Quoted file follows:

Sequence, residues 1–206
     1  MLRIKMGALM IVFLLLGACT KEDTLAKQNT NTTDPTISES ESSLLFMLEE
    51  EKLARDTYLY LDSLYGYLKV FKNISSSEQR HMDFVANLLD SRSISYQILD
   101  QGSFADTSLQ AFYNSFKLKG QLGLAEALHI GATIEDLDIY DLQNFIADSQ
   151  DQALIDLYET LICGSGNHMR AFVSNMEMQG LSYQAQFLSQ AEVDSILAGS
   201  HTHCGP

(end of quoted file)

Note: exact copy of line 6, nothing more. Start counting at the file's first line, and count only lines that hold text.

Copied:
   201  HTHCGP